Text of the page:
Spotlight on Ann Crawford-Roberts

Ann Crawford-Roberts '12


Ann Crawford-Roberts was awarded a Framework in Global Health Scholarship to conduct research on the social lives of HIV-positive children living in Southeastern Botswana. Ann traveled to Botswana during the summer of 2010 and worked closely with Bianca Dahl, visiting assistant professor in Anthropology and Population Studies at Brown. Ann plans to attend medical school after graduation and to continue her work in global health through research and/or the practice of medicine.

Read on to learn more about how her interest in and commitment to global health has grown through her study of community health and medical anthropology at Brown and through her Framework scholarship. 

Q. What is your current status at Brown?

A. I am a rising senior undergraduate student at Brown.

Q. How did you first get interested in global health?

A. My initial interest in global health was sparked on trips in high school to Peru and Brazil, during which I helped promote traveling free clinics and I saw the living conditions that cause many to suffer from ill health. Since starting college, I have learned more about global health through classes and other activities. I attended the Unite for Sight Global Health Conference in New Haven, CT, interned at the United Nations in New York researching the health as a human right framework, and volunteered with Health Leads. I've studied community health and medical anthropology through classes at Brown and on a study abroad program.

Q. How did you become involved with your project?

A. I learned about the project through Professor Bianca Dahl, the primary investigator. She shared her research interests and upcoming research projects with me, and I immediately became interested in being involved in this one.

Q. What is most difficult about your global health work? What is most rewarding?

A. I found navigating personal and professional relationships with people who were simultaneously my hosts and friends, subjects and informants, to be the most difficult. I believe the most rewarding part of the work was learning about the many ways in which public health and medicine influence people's personal identities and social lives, which was both fascinating intellectually and important to the people I grew to know and care about.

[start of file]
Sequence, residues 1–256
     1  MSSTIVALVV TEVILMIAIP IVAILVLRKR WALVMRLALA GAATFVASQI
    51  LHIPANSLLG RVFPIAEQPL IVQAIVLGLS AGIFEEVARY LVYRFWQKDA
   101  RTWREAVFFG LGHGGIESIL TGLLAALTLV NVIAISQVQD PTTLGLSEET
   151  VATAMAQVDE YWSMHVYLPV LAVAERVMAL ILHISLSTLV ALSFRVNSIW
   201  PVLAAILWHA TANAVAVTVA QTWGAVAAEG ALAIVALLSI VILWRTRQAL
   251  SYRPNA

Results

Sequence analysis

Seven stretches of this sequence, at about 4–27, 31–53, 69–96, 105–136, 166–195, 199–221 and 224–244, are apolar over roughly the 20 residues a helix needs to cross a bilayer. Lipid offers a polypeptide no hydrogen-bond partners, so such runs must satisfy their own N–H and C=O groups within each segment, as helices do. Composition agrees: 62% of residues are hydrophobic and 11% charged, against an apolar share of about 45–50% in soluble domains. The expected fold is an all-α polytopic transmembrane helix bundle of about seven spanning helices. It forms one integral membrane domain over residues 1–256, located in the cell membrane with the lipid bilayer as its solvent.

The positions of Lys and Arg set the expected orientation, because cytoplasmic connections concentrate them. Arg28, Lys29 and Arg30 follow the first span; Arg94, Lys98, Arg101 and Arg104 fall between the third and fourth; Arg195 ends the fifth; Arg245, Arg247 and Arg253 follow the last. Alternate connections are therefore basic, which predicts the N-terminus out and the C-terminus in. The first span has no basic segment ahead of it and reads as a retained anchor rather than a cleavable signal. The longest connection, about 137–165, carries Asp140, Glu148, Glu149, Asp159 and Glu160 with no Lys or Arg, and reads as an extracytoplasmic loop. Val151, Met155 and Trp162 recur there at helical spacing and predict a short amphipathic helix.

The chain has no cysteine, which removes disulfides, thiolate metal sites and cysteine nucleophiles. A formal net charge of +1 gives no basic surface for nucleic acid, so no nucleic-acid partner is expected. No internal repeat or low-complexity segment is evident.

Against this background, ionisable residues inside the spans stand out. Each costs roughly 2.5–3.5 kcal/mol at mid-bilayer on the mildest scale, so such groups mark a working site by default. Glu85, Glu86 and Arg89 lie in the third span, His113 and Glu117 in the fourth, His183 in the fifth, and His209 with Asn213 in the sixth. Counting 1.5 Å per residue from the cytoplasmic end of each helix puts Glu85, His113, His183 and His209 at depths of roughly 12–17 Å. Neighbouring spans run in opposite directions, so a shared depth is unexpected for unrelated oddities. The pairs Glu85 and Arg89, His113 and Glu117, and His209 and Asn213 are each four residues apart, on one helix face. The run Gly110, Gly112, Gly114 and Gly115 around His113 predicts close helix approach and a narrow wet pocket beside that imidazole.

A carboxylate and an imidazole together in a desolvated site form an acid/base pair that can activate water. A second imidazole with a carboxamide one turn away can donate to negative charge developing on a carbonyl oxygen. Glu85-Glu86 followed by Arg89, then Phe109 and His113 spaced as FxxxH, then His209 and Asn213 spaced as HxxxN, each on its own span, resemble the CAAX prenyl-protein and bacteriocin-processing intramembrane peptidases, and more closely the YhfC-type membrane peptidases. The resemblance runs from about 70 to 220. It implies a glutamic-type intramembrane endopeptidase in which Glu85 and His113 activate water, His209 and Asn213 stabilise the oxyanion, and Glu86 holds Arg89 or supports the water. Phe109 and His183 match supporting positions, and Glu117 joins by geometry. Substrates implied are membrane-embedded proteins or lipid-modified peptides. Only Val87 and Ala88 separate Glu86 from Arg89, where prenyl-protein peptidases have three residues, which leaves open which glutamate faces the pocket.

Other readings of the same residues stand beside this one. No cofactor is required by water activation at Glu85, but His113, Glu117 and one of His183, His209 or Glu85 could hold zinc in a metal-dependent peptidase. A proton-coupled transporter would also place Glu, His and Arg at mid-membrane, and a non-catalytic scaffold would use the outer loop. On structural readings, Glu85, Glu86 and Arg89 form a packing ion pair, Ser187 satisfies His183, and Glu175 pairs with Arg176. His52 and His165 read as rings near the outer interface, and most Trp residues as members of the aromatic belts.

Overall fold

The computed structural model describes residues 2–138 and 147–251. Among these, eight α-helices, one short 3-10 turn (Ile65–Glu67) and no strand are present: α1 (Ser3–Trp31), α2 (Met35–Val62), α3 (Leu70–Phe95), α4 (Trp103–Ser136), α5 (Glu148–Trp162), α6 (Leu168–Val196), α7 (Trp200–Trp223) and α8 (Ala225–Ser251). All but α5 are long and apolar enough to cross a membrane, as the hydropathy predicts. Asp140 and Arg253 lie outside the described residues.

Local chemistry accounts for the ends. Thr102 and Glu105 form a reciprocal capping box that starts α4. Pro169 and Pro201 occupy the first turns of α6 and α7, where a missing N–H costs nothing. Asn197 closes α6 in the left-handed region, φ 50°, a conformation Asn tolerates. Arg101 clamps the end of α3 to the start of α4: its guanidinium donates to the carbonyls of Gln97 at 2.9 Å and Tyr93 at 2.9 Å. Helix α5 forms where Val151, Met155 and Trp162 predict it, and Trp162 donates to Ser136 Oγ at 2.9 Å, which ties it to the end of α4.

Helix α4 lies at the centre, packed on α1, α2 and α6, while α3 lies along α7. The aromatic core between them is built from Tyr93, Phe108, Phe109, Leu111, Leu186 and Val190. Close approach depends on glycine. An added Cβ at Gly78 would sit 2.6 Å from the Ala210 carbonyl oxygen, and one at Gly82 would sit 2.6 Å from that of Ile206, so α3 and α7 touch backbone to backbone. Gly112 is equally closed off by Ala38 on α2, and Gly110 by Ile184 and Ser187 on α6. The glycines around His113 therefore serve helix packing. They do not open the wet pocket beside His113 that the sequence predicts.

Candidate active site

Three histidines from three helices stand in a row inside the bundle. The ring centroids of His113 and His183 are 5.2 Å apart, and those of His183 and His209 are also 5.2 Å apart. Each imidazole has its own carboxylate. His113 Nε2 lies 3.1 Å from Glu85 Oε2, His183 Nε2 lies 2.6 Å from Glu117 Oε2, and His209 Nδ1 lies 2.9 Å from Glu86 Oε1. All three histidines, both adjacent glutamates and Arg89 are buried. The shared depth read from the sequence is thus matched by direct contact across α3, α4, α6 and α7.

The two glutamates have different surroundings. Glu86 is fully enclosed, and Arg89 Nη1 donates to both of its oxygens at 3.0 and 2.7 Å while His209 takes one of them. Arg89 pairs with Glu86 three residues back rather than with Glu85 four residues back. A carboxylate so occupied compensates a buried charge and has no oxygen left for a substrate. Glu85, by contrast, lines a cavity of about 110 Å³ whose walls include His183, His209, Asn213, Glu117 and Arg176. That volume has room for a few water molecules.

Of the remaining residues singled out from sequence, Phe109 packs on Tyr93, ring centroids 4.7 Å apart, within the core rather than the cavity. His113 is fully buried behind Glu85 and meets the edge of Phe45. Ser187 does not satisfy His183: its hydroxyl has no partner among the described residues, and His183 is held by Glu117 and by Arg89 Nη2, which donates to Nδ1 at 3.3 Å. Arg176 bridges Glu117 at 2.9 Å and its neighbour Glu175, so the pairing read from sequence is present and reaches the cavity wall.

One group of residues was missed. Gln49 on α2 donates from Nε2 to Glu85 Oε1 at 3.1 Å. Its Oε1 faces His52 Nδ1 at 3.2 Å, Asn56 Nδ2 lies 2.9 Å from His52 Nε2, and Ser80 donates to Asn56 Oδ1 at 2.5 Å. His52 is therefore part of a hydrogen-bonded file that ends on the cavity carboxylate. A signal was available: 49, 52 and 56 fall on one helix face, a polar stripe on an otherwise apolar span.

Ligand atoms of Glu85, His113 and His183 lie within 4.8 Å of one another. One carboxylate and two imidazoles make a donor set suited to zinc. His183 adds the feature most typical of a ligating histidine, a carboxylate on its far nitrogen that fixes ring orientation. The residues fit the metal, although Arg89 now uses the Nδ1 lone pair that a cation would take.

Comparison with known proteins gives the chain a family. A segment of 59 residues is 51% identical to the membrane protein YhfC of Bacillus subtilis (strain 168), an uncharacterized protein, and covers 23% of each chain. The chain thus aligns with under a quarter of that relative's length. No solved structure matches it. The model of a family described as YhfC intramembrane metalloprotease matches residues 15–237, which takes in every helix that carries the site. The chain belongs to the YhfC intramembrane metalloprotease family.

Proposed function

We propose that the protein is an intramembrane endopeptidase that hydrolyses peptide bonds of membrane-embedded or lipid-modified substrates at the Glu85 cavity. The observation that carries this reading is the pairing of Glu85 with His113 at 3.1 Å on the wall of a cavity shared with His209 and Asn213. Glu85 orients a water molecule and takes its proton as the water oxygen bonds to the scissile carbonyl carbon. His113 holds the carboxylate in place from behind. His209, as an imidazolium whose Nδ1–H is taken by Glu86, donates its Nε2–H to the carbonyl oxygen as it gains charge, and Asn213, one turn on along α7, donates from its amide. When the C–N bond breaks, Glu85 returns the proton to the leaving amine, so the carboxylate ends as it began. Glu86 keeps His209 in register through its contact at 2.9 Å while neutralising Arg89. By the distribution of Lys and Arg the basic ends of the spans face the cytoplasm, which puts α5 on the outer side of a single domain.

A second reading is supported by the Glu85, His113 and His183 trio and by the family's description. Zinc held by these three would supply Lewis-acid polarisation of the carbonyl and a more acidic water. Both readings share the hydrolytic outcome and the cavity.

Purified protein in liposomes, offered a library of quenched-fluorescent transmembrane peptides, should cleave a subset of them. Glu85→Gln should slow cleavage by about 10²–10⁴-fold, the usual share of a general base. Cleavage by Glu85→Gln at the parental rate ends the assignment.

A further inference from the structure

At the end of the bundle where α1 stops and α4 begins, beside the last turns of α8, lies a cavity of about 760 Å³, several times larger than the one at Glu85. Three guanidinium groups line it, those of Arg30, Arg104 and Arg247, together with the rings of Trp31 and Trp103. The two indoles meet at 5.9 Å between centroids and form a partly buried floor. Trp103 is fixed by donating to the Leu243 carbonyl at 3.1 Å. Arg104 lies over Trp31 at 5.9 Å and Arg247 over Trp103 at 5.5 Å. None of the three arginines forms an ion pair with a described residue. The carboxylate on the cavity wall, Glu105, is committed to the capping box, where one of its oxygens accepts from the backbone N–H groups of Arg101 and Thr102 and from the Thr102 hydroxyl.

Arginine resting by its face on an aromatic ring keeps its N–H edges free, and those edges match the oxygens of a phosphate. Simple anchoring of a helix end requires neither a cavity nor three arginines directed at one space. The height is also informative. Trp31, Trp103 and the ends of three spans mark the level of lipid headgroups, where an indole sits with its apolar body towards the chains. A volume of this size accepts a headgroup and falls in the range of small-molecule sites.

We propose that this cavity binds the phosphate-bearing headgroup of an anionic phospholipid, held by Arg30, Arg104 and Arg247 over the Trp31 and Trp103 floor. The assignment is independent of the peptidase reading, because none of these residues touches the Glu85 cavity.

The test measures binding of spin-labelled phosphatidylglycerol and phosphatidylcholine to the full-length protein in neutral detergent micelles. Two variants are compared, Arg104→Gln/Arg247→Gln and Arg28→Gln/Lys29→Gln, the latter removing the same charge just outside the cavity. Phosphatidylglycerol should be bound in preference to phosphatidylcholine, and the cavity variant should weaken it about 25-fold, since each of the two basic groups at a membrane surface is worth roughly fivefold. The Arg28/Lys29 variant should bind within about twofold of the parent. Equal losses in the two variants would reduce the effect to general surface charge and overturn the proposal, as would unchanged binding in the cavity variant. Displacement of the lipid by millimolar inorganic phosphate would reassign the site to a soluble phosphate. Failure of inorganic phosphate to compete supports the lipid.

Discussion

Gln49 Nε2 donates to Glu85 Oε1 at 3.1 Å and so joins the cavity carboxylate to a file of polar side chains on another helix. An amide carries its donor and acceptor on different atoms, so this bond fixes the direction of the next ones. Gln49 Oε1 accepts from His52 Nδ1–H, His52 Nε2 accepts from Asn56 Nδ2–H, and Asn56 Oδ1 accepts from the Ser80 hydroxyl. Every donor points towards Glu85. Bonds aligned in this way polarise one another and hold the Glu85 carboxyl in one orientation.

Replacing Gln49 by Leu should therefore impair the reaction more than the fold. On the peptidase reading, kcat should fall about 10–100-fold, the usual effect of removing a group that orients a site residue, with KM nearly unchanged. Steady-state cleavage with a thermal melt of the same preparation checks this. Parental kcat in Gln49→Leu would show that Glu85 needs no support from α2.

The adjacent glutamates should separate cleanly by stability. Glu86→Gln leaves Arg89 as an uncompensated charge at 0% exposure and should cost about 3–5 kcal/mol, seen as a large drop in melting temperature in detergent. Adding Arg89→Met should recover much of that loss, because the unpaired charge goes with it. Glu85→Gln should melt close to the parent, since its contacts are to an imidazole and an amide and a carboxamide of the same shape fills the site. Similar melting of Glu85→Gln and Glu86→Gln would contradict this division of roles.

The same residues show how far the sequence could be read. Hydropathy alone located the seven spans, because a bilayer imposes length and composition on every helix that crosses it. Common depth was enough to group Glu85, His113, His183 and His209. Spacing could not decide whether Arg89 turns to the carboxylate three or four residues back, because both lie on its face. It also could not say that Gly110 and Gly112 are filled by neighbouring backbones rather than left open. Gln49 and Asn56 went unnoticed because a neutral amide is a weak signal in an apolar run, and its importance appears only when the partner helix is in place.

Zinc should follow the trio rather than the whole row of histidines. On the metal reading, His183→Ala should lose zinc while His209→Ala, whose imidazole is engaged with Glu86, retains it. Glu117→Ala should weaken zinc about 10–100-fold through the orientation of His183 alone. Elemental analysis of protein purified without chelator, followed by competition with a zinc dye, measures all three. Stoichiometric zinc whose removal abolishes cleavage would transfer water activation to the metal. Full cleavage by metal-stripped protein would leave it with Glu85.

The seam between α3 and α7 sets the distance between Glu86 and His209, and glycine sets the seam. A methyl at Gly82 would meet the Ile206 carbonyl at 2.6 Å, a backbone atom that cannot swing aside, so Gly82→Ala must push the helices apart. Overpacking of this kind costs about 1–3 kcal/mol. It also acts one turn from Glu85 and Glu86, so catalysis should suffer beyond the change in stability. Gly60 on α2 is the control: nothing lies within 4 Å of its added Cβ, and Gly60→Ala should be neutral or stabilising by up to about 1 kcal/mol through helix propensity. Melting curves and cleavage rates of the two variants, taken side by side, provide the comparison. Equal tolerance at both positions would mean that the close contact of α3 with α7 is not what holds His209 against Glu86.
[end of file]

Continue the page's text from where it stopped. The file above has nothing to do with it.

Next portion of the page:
Q. How does your global health work fit in with your career plans?

A. I am interested in global health from both a research angle, through medical anthropology, and one day from a practitioner's side, through public health or medicine. I plan to attend Mt. Sinai School of Medicine after graduating from Brown, and from there see where my interests in global health take me, whether that be out into the world of practice, or eventually back into researching and learning more about public health and/or medical anthropology.

Q. What has your experience been with global health at Brown (Framework, GHI, etc.)?

A. I received a Framework in Global Health scholarship.

Q. Any other thoughts/comments you'd like to add?

A. I do believe that for undergraduates receiving the Framework scholarship, it is very important to have a component of data analysis after the trip. During my two months in Botswana, I was mainly conducting research, and the real analysis only began after I returned to the U.S. I was fortunate to be able to continue discussing the project and analyzing the results with Professor Dahl this fall through an apprenticeship program in the anthropology department, but even now, we have not finished the long and difficult work of making sense of all that we learned and saw during our research. Requiring an analysis component after the trip is completed would provide more in depth and fruitful analysis of projects.